The Lambaréné Declaration was also created, which commits to the creation of the “Lambaréné declaration” coordination and follow-up structure, under the authority of a multinational and trans-disciplinary experts counsel.

The participants at the symposium also committed to the creation of three permanent Task Forces on trans-disciplinary solutions research; training programs for healthcare and field professionals; and research support in Africa.

As well as the creation of a new ongoing training network, reinforcement of African and International Research and the launch of a digital platform, to enable communication between all parties and to offer visibility to all initiatives conducted.

Participants went to visit the Lambaréné site where the Albert Schweitzer Hospital, created by the Nobel Prize Laureate at the beginning of the 20th Century, is still operating. It is now one of the leading regional centers (research, patient care, prevention, child birth and maternity).

Ali Bongo also announced the creation of the International Albert Schweitzer Award, to commemorate the Doctor, reminding that “if Schweitzer had Gabon at the heart of his history, Gabon holds Schweitzer close to its heart”.

Granted with US$ 250.000, it will reward the work of an individual or a team, able to support a sustainable cross-disciplinary approach to fight against the Triple Epidemic, in Africa.

Science and Technology get overwhelming funds in Uganda 2013/14

By Esther Nakkazi

Science, Technology and Innovations together with ICT (Information Communication Technology), overall, received a big share of the 2013/14 budget. Although the total amounts cannot be specified because most of it is in particular sector funding, the budget has commitment to fund STI.

“In the next year, Government will continue to support Scientific and Technological innovation to drive value addition, increase our competitiveness in the global market and create employment among other benefits,” said Maria Kiwanuka, the minister of Finance while reading the budget speech on 13th June at Serena Hotel, Kampala.

At the Budget reading, Kiwanuka also announced setting up Information Technology Parks to host Business Process Outsourcing (BPOs) that helped create jobs in the last financial year ending this June. It will also set up ICT service companies and fully serviced Industrial and Information Technology (IT) parks in various regions of the country over the medium term.

Kiwanuka also promised students loans for science students who are privately-sponsored at University and Tertiary institutions to further equip them with skills and grow the numbers of science students and eventually scientists.  Last year, increment of salaries of doctors were announced further showing government commitment to improve science and keep scientists at home but most of them have expressed disappointment that this has not been implemented. This year, science teachers will get more money.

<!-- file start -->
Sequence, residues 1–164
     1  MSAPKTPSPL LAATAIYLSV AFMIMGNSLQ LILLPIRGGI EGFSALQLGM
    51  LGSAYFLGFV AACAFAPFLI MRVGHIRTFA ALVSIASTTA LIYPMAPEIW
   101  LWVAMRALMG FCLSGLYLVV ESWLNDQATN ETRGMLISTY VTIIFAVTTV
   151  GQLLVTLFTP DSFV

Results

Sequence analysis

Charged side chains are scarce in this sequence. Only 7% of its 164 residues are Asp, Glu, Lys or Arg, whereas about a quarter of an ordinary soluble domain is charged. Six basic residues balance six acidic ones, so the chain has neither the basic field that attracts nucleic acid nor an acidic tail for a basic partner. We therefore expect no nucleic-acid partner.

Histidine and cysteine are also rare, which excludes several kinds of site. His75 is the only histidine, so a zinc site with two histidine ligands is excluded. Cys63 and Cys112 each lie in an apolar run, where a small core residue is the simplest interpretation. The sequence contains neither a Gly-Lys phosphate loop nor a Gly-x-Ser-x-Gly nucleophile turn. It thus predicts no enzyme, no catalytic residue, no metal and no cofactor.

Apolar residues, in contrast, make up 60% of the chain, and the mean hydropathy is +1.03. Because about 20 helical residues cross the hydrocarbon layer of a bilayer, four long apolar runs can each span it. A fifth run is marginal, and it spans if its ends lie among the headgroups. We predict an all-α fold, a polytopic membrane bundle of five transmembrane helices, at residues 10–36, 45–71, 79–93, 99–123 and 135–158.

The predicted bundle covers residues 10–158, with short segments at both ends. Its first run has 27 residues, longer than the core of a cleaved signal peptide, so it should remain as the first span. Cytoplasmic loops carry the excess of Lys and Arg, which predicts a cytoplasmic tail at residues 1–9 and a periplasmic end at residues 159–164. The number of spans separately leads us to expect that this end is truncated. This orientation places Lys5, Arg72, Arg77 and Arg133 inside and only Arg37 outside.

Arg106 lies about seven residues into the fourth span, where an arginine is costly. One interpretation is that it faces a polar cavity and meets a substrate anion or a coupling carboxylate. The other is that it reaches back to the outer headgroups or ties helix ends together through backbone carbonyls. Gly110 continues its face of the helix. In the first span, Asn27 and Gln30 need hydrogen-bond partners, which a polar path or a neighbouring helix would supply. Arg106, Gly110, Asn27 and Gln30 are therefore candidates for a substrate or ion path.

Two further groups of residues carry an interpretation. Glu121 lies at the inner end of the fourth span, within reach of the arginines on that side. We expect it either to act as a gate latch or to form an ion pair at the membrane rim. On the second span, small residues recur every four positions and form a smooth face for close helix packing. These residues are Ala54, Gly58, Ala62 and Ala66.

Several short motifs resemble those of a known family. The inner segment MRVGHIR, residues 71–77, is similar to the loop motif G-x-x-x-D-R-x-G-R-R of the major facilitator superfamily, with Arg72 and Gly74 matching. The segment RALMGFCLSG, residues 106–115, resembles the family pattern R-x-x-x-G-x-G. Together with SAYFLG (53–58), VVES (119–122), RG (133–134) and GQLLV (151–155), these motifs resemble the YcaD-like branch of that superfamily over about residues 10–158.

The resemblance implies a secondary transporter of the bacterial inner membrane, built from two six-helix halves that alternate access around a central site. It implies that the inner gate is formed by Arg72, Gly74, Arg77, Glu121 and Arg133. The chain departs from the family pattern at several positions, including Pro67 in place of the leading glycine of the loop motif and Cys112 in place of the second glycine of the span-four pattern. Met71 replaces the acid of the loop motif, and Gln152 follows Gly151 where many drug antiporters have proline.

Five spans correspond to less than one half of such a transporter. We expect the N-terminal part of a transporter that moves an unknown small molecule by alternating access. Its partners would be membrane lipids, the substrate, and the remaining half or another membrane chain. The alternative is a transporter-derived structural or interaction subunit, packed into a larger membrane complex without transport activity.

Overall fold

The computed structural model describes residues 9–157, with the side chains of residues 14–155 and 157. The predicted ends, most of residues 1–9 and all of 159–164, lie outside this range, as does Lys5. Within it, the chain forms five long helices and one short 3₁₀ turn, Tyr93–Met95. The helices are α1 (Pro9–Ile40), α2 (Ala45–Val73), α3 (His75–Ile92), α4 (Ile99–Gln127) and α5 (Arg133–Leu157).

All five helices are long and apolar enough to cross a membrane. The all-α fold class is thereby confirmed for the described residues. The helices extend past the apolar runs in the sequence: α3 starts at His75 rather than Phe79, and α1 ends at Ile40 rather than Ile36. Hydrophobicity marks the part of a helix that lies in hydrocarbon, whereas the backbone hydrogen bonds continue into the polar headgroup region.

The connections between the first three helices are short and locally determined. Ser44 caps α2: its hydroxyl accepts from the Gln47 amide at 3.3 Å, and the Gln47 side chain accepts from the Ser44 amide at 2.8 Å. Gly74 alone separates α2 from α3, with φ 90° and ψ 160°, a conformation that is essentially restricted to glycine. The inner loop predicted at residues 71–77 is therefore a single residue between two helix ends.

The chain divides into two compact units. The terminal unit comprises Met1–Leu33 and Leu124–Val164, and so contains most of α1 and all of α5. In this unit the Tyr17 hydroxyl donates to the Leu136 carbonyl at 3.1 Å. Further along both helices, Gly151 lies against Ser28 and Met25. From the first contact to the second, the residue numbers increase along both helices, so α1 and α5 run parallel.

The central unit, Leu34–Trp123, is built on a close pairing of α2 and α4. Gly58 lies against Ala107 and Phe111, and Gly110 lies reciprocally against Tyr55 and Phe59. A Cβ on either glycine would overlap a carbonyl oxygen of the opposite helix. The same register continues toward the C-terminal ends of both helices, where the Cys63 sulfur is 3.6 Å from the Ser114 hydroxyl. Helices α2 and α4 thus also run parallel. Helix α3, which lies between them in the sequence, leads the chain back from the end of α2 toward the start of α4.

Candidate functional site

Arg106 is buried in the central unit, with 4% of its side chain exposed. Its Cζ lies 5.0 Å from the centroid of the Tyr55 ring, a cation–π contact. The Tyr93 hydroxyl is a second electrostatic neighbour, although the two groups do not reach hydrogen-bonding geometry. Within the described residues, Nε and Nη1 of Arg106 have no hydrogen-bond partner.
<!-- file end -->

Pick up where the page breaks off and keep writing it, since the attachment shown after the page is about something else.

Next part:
Science, Technology and Innovations are among Uganda’s priorities, spelt out in the five-year National Development Plan (NDP) with the theme: Growth, Employment and Socio-economic Transformation for Prosperity” 2010/11 – 2014/15.

Now, experts say that prioritising science is a good plan for Uganda’s development.

“It puts us at ease that the key priorities of this year’s budget match those of the National Development Plan. Investing in science is the right path to development,” said Dr. John Ssekamatte-Ssebuliba, the head of social sector planning at National Planning Authority (NPA).

Other priority areas that got big funds from the budget include infrastructure, energy, security, public administration which got the bulk of the budget funds. Although, there were murmurs on why so much was allocated to security, but President Yoweri Museveni has emphasized many times that national security is a key priority for Uganda.

Another disappointment was agriculture, which employs 70 percent of the Uganda population it only received 13% of the total budget.

“There is no clear strategy in developing agriculture,” said Everest Kayondo, Chairman Kampala City Traders Association (KACITA). He said although Agro-processing is what can be funded more to compete with Uganda’s neighbors, the agriculture sector got only 13% funding of the budget. 

“You are providing security for people who are dying. Should we buy guns or medicine? What should we invest in more –provide security for people who are dying?” asked John Mutenyu a senior economist at the school of Economics, Makerere University.

The total resource envelope for Uganda in the next financial year,  are projected to amount to Shs 13,169bn but 81.1% will be financed from Domestic sources to the tune of Shs 10,509bn and the rest by the donor community.

“When over 80% of the budget is funded by Ugandans, we shall have better accountability and Ugandans will want to see Ugandan money at work. There will be more vigilance in people demanding for accountability,” said Dr. Fred Matovu, a senior economist at Makerere University.

“This gives us freedom to align expenditures to our priorities. People in government were more accountable to donors before now they will answer to local tax payers,” said Matovu.

But the Minister also announced an increase in excise duty of kerosene by 200 shillings per litre to discourage the practice of adulterating diesel by mixing it with kerosene. This measure is expected to raise about Shs. 15 billion.

“The increased taxes on Kerosene will increase maternal mortality because some health centers in rural areas use kerosene to deliver babies. Mothers have to go with their own Kerosene to give birth,” said Dr. Edward Babale an economist from the College of Business and Management Sciences, Makerere University, Uganda.

“Many diseases are from contaminated water but they are pushing people away from clean water. The biggest problem with domestic water supply is the wastages and water are losses,” said Bbaale while commenting about the increase in domestic water taxes.

The Financial Year 2013/14 Budget, like the one last year, focuses on translating the Government’s strategic priorities into practice over the next twelve months. “The Journey Continues: Towards Socio-Economic Transformation for Uganda”.